In “Times, and the need for guns, change” [Letters, Feb. 8], the writer claims that the average citizen’s need for guns has changed. He is correct, but not in the way he intends.

It may be true that we longer need to protect ourselves from “Indians and possible attacking armies from Europe.” However, different dangers are present today.

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According to the U.S. Department of Justice, an estimated 3.7 million household burglaries occurred each year on average from 2003 to 2007. In about 28 percent of these burglaries, a household member was present, and 7 percent of the time, he or she experienced some form of violent victimization.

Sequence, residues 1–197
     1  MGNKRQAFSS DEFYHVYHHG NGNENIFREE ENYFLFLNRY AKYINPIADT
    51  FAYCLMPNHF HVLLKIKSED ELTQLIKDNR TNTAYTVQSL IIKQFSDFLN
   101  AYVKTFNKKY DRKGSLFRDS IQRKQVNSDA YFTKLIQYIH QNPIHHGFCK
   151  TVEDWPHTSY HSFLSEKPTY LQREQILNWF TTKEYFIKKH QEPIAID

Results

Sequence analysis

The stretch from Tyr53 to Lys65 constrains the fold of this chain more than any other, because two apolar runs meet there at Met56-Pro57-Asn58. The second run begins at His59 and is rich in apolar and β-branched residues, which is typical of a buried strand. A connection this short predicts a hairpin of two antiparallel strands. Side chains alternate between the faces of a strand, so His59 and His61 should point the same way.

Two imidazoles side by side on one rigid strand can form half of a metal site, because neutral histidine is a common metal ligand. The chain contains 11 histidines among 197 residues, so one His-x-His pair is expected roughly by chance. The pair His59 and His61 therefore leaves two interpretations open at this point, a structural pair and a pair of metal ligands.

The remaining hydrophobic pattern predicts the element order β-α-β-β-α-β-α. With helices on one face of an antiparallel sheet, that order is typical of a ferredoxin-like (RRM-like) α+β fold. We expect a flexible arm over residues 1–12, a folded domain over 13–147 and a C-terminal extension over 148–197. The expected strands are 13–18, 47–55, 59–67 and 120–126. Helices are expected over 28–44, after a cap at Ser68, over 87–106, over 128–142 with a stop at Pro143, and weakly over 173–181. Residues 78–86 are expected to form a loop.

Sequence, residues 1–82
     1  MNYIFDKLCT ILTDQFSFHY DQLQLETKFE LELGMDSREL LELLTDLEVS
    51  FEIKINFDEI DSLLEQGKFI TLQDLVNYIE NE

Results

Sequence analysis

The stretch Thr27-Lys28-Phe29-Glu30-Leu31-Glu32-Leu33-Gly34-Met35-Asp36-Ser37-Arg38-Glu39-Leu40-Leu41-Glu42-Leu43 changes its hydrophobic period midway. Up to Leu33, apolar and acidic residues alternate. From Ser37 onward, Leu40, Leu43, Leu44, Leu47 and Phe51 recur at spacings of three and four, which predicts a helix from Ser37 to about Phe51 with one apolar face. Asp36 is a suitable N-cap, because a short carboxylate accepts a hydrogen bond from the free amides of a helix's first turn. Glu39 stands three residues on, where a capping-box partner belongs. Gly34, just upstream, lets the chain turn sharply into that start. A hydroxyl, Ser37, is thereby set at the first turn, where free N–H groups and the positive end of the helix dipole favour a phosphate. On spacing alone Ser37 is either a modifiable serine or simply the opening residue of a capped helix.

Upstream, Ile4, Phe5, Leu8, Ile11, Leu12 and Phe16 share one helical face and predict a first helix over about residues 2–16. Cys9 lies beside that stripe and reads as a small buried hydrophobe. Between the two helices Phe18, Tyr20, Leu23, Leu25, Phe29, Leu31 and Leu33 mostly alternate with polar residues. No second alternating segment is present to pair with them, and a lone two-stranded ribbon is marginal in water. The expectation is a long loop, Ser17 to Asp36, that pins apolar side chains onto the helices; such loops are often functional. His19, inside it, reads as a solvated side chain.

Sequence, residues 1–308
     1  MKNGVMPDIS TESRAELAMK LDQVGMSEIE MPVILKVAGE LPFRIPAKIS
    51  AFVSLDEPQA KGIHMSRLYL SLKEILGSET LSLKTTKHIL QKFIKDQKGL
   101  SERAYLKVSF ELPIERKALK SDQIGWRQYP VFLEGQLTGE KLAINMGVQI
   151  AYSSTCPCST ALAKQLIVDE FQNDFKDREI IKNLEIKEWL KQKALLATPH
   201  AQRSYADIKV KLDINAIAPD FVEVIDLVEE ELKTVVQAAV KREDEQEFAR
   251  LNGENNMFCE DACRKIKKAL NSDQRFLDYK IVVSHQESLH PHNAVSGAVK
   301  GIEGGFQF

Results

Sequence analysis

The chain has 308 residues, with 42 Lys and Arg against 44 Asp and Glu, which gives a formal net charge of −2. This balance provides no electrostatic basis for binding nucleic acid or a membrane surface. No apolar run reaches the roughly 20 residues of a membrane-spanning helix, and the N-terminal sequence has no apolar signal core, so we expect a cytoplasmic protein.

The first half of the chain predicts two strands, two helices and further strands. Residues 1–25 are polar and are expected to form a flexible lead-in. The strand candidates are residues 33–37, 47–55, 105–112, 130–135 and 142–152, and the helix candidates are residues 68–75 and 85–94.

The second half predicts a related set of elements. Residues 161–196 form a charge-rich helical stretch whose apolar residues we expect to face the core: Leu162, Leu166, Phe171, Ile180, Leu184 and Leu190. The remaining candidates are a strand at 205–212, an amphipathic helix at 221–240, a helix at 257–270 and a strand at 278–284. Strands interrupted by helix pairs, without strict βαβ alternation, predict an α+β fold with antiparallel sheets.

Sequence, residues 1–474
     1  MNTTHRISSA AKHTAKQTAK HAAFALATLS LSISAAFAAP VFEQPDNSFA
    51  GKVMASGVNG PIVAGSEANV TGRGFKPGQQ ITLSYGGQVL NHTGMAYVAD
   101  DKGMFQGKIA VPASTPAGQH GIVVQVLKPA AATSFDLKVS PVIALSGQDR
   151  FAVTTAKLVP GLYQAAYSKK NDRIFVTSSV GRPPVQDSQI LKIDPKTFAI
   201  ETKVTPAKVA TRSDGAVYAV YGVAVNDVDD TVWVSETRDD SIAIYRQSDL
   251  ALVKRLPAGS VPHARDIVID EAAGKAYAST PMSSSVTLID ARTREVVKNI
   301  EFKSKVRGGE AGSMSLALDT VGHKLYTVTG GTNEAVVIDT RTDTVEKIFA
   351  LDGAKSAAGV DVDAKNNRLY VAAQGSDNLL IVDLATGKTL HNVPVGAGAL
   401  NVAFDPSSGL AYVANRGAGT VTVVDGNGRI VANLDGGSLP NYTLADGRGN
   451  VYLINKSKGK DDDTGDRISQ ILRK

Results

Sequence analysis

Despite the fact that we do have “trained, professional police to protect us,” officers need time to reach a crime in progress — assuming the victim has the opportunity to call them.

John Ryan, Flushing